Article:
Athens Airport Station

The Athens Airport Station is a train station that serves the international airport of Athens, Greece. It operates on both the Proastiakos (suburban rail) line as a well as Line 3 of the Athens Metro. It is the first and only train station in Greece that is not managed by GaiOSE, a subsidiary of OSE, the national rail company. It is owned by the airport, which charges the train operating companies (TrainOSE and STASY) fees to use it.

Logo of the Athens Metro Operating Company (AMEL).svg Αεροδρόμιο
Airport
Proastiakos icon (no text).svg
Athens airport train station.jpg
Athens International Airport train station (2019)
LocationSpata
East Attica
Greece
Coordinates37°56′13″N 23°56′41″E / 37.9369°N 23.9447°E / 37.9369; 23.9447Coordinates: 37°56′13″N 23°56′41″E / 37.9369°N 23.9447°E / 37.9369; 23.9447
Owned byAthens International Airport
Line(s)Athens Metro Line 3.svg
Athens Airport–Patras railway
Train operatorsTrainOSE, Urban Rail Transport S.A.
Construction
Structure typeat-grade
ParkingYes
Disabled accessAiga waitingroom inv.svg
Other information
Websitewww.aia.gr
History
Opened30 July 2004
ElectrifiedYes
Services
Preceding station   Logo of the Athens Metro Operating Company (AMEL).svg Athens Metro   Following station
towards Nikaia
Line 3Terminus
Preceding station   Proastiakos icon (no text).svg Proastiakos   Following station
towards Piraeus
Line 1Terminus
towards Ano Liosia
Line 4
towards Aigio
Line 5

HistoryEdit

The station opened on 30 July 2004, two weeks before the Athens Olympics. Although it was projected that only commuter rail would use the station, the Athens Metro operating company decided to extend Line 3 to the airport. However, building new tracks was not economically viable, so the route would be served by dual-voltage second-generation trains and would share tracks with Proastiakos trains between Doukissis Plakentias station and the airport. Because of the limited availability of these trains (7 in total), only 2 per hour reach the station, leaving the airport every 30 minutes from 06:32 to 23:32.[1]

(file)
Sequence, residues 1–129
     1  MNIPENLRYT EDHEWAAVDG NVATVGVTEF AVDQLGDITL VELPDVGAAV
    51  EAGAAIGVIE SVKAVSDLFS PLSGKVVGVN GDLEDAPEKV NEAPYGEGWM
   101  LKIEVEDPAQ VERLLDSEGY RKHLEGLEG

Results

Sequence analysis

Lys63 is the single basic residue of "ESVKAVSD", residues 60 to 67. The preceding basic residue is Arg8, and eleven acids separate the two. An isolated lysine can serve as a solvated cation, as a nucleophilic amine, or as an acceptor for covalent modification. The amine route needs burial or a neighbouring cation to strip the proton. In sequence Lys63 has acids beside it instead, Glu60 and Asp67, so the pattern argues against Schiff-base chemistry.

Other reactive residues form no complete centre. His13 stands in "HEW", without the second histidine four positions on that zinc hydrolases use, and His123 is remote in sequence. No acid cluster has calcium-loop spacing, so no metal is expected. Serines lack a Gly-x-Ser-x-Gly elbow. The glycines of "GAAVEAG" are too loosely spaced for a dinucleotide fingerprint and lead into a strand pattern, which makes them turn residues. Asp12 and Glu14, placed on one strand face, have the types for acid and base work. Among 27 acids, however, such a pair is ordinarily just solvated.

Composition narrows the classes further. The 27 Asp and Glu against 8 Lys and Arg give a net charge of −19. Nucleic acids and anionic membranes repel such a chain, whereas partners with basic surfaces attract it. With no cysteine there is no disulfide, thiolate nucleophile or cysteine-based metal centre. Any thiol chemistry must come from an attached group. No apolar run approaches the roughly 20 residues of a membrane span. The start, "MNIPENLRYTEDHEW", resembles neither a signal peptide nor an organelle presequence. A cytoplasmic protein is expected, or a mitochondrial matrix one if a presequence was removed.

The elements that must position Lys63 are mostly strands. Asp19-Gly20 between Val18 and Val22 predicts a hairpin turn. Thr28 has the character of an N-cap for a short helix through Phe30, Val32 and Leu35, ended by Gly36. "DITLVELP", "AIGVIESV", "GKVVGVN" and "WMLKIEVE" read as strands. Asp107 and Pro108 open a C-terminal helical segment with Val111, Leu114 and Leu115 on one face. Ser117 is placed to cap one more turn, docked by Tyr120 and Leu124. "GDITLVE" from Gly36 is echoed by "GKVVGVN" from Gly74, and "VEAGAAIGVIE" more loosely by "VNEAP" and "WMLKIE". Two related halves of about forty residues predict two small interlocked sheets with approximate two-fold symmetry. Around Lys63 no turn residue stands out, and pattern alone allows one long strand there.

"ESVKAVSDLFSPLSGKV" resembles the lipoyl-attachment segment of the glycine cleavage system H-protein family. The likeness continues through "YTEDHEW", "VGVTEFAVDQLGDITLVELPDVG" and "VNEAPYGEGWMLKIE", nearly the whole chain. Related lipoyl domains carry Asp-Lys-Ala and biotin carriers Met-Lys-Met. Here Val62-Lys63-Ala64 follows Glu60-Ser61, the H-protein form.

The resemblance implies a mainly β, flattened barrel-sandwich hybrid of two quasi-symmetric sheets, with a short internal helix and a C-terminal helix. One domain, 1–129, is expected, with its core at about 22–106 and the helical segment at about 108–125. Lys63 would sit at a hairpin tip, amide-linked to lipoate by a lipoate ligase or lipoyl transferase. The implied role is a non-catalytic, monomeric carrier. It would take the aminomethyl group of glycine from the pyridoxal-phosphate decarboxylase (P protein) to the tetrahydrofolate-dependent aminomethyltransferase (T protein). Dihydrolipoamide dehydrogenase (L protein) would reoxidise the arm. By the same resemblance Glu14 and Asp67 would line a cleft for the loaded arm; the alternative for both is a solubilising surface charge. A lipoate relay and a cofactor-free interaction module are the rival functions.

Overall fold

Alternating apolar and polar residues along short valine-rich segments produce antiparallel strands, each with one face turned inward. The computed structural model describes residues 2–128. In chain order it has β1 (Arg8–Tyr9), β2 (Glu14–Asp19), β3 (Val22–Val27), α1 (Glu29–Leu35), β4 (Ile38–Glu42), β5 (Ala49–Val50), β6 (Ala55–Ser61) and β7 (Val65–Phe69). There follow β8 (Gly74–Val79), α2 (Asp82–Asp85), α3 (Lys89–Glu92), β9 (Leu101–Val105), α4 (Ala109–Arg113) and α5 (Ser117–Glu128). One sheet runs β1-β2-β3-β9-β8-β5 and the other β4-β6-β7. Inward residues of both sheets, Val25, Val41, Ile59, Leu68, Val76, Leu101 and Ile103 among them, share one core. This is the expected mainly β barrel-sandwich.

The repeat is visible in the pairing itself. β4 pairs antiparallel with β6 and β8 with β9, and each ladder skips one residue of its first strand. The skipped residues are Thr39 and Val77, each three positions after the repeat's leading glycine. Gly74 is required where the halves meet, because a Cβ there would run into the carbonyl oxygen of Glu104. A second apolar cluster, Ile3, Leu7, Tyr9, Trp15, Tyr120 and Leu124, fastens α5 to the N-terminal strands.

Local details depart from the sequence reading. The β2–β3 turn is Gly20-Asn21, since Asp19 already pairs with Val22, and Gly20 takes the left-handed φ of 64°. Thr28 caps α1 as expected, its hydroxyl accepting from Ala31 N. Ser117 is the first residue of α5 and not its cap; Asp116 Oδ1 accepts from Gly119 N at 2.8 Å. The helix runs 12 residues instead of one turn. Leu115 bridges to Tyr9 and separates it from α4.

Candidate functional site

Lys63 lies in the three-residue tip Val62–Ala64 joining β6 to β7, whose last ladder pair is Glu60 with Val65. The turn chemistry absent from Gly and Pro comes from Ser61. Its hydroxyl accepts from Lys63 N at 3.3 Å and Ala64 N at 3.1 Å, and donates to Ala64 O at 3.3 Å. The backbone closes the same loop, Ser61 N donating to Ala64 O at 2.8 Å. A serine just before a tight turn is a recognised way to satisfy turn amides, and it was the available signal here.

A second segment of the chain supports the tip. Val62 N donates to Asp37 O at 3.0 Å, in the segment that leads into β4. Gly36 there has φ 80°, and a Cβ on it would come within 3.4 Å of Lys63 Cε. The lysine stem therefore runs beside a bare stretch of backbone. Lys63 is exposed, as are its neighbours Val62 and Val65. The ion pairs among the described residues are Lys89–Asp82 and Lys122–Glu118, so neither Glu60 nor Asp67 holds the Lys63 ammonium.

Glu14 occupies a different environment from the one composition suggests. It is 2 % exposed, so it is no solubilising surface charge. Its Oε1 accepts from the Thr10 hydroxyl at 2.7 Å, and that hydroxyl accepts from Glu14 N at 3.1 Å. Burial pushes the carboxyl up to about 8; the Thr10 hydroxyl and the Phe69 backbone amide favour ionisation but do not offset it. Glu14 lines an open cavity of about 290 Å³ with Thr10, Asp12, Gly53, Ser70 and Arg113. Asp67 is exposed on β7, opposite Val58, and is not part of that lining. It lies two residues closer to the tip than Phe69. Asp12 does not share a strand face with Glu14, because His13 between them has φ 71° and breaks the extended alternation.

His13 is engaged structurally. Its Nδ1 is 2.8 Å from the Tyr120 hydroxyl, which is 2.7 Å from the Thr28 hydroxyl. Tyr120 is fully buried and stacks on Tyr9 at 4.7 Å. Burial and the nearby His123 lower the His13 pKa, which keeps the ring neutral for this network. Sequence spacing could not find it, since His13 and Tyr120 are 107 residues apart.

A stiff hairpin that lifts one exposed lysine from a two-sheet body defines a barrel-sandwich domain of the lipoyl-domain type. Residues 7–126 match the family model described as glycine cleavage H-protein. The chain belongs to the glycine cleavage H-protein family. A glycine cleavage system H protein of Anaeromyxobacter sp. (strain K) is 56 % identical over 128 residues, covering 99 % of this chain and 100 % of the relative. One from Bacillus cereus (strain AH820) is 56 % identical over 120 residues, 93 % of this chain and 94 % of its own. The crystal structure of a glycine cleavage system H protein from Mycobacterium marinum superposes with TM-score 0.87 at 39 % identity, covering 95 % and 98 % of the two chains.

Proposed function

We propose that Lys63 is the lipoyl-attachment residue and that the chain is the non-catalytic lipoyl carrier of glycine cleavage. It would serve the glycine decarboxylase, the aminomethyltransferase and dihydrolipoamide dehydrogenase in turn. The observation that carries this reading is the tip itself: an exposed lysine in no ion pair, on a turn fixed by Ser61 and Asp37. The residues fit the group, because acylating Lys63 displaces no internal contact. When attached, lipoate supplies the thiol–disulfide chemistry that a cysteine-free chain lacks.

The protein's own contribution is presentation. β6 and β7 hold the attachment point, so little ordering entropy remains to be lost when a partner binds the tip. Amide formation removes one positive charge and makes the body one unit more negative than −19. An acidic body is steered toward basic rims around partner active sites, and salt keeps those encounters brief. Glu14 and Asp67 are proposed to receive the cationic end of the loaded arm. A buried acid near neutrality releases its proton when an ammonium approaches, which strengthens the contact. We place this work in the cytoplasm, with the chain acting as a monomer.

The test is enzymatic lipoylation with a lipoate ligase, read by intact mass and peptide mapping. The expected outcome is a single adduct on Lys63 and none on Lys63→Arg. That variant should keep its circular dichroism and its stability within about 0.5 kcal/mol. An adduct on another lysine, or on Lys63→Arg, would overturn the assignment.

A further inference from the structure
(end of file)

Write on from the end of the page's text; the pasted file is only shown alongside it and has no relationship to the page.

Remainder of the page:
The decision to extend Line 3 to the airport forced a change to the station design; metro trains have a higher floor than Proastiakos trains, so the central track had to be lowered. This is why initial services to the airport did not use any stations between Doukissis Plakentias and the airport. The intermediate stations did not have the tracks lowered; parts of the platforms were raised in 2006. Since then, all intermediate stations have been used by both services.

PlatformsEdit

Athens Airport Station has two island platforms and three tracks. Track 1 is not used due to low traffic, Track 2 is used by the Metro, and Track 3 is used by Proastiakos. All trains terminate at this station.

AccessEdit

The railway station is immediately adjacent to the airport terminal, which is accessible by an elevated walkway. Because of the additional cost of using the station, there is a surcharge for passengers entering or exiting at the airport. As of 2020, the base fare to the airport is €9 with varying prices for round trips or groups.[2]

Future developmentsEdit

As the airport's passenger numbers are rising, services may get denser and Track 1 could be used again. Moreover, for many years there have been plans to extend Proastiakos services to Rafina, a suburb of Athens and the third largest harbour of the city as well. Although original plans show the line branching off the main one after Pallini or Doukissis Plakentias Station, then running in a reserved-for-this-purpose median of the A64 Mount Hymmetus Ring Road and then extending to Rafina, recent plans have called for an extension of the line from the Airport. Such an extension would be shorter and less expensive to build, however, it has been unpopular due to the fact that the travelling time from and to Rafina will be longer and certain areas will not be served.

GalleryEdit

ReferencesEdit

  1. ^ "Urban Rail Transport SA :Airport Routes". Athens: Urban Rail Transport S.A. Retrieved 24 August 2020.
  2. ^ "Athens Transport Tickets and Cards". Athens Transport. Retrieved 20 August 2020.